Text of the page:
On Friday, Nyffeler heard back from Christie’s with an email saying his message would be forwarded to the specialist in charge of rock memorabilia and thanking him for his interest. The same day, Joe Pugliese received an email from Simeon Lipman of Christie’s, informing him that the handbill had come from the vast collection of the late Greg Shaw, publisher and editor of the well-known (in rock’n'roll circles) ’70′s LA-based fanzine Who Put The Bomp, aka Bomp! Shaw had written for a wide variety of rock publications including Creem and Rolling Stone, later starting a record store named after the ‘zine, and eventually a record label – Bomp! Records – which also became one of the first independent music distributors in the US. Evidently, since Shaw had such a renowned rock’n'roll collection and the flyer was clearly on vintage paper, Christie’s authenticators accepted it’s provenance without a great deal of research. Lipman debated with Pugliese, arguing that a record store, record company employee or even the band themselves could have made the flyer. Pugliese countered that a record store would have listed itself as a ticket outlet and that the band and record company had no advance men in town for the show, and heatedly stated that “crass commercialism and scams is everything the punk movement is against!” Lipman thanked him for his passion and promised that research was ongoing. Later the same day, Pugliese received another email from Lipman informing him that the auction would be pulled. Late Friday, the auction page was indeed removed from Christie’s site.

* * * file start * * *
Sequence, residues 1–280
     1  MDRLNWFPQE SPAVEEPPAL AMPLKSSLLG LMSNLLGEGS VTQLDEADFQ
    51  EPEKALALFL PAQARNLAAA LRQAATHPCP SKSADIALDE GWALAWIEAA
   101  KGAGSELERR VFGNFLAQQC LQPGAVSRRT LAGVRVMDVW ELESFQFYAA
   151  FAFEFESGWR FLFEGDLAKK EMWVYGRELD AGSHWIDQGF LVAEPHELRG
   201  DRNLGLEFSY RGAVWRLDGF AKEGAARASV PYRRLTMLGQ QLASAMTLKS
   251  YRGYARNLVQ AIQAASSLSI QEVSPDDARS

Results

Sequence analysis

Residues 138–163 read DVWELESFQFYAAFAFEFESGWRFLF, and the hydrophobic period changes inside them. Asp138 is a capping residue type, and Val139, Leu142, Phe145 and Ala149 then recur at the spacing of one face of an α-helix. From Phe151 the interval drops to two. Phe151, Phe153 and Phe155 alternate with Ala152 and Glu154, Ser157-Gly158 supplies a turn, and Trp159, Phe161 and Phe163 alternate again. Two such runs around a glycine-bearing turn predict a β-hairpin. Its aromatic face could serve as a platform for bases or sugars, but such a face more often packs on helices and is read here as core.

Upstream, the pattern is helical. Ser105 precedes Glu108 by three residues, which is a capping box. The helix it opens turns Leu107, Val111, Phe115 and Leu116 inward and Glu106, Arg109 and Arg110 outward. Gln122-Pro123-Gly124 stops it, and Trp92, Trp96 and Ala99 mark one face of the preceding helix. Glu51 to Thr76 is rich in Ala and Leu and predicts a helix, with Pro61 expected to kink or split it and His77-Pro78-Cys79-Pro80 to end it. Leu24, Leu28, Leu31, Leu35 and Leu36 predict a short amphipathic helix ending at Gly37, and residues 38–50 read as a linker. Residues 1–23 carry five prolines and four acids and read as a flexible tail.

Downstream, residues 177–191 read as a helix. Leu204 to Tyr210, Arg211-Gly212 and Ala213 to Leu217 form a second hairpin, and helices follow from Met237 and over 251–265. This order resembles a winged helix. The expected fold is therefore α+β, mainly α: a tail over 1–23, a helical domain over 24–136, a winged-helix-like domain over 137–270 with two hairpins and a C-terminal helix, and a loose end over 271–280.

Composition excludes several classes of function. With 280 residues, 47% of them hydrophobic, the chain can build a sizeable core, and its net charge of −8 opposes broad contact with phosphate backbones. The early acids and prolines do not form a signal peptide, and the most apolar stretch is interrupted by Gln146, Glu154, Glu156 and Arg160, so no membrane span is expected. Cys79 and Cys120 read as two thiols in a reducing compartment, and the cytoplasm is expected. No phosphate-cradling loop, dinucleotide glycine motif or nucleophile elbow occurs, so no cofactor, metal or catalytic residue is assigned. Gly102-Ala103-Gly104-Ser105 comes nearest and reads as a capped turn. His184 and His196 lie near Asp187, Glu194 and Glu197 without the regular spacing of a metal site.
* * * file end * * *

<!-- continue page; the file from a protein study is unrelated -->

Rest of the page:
You can read all about the Sex Pistols anarchic Texas adventure in this ten chapter feature compiling writing from many different sources, including San Antonio filmmaker Jim Mendiola’s piece from the SA Current’s 25th Anniversary coverage; fans who attended the show; Johnny Moped, who traveled with the band on tour; and an interview with Frank Pugliese of The Vamps/Mystery Dates/Sons of Hercules. The original comments thread on Gigposters is gone, as the site admistrator, abhorring fakes, evidently deleted the picture upon being satisfied that it wasn’t real. Unfortunate, as it was a fascinating document of collaborative web-based detective work. However, the follow-up forum posts are still viewable.